Tag Archives: sexual relationships

Insecurities and Consent

For some people, asking for consent feels like asking someone their opinion of your inherent desirability and maybe even your worth. Rejection of an activity can feel like a rejection of your entire self.

This is a problem. It’s not healthy for your entire relationship to be on the line every time you ask someone for sex. You need and deserve to be secure in your own desirability and worth without relying on the unpredictable sexual urges of other people to maintain that security. Your partners need and deserve the space to say “no” freely and without emotional pressure. […]

Plan ahead of time how you can work through these feelings without making your partner feel punished or obligated to change their mind. If you have a regular partner, it might be good to let them know about your insecurities and how you plan to handle your response, so they know, for instance, that if you need to go for a walk or take some alone time, you’re not punishing them and you don’t want them to change their mind to placate you – that you know it’s your responsibility to work through your feelings and that you’ve got it handled.

You can also preempt some of these insecurities by working on finding other ways to feel good about your body or to feel close and connected to another person in a way they do freely consent to.

–TDF, “Insecurities and Consent”

Today I’ve added this as recommended reading onto my sex-as-worth principle post.


AA: Questioning a Change

[cw: relationship conflict, explicit sex talk]

Mary wrote in:

Continue reading


a shift in perspective

Fun fact, when I was first exposed to consent seminars and deliberate education on that kind of thing, I was a little wary of it at first but also quickly impressed with it as a good idea, because prior to that point in my life (college), people just didn’t talk about this stuff.  So I remember having a tentative positive impression of the whole thing.  Because I believed “people in my culture just don’t know how to communicate about this, or that it’s okay and good to communicate about it explicitly.”  That’s what I believed.  And maybe that still is partially true.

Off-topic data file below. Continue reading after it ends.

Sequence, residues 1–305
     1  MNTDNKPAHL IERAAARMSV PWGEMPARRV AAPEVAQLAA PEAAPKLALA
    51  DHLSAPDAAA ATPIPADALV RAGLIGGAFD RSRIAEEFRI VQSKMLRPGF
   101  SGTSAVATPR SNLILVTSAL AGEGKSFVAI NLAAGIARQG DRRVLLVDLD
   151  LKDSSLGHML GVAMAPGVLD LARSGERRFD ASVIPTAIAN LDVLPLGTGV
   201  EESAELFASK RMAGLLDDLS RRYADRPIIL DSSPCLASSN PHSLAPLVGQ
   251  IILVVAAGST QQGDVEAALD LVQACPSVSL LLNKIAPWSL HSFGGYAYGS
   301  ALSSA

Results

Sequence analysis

But the more I’ve grown and the more I’ve developed my thoughts on the subject, the more I’ve become dissatisfied with their surface approach toward basic communication templates instead of underlying values, because the actual larger problem at hand is that American masculinity is a cult of violation.


AA: Ace/Non-Ace Relationship Ambiguity

[cw: sex, in specifics]

BD wrote in:

Continue reading


[gif]

Remember when I talked about Fiona, the character brought in as Sherlock’s love interest on Elementary?  Here’s a little more of that.

[tw: sex as a point of contention]

Continue reading


“I’m not here for you.”

Probably the best meta I’ve seen on Hamilton is this, to which I have nothing of value to add.  But I do want to talk about the relationship between Angelica and Eliza just for a bit.

Continue reading


for the language nerds and gender nerds

(I know there are at least… two of you)

Continue reading


AA: Open Marriage Agreements

Earlier today, I got this email from James:

Continue reading


AA: Desire and Spontaneity

CN: talk of sex within marriage & sexual desire

Anonymous wrote in:

Continue reading


Partnership, Desire, Desirability, and the Sex-as-Worth Principle

CN: relationship problems, body-image issues, social pressure, sex as a site of conflict, and related issues (ex. sexual abuse comes up for about a paragraph).  All the sex talk here will be non-graphic, but this post is about interpersonal conflict between partners where one doesn’t want a sexual relationship and the other one does, so brace yourselves for that if you keep reading.  Whenever I see this discussion happen, people seem very eager to consider that the partner who wants a sexual relationship might be well-meaning and non-abusive and genuinely hurt by their partner’s disinterest, so for sake of argument, that’s the narrow hypothetical I’m going to be focusing on for now…

…because even if we want to focus on their side of the story, the reassurance I see always seems to fall short of what I suspect is at the heart of the issue.

If you agree that sex is not a vitamin but also want to acknowledge potential-or-actual damage to self-esteem as a “result” of someone not being sexually desired, this post is for you.

Continue reading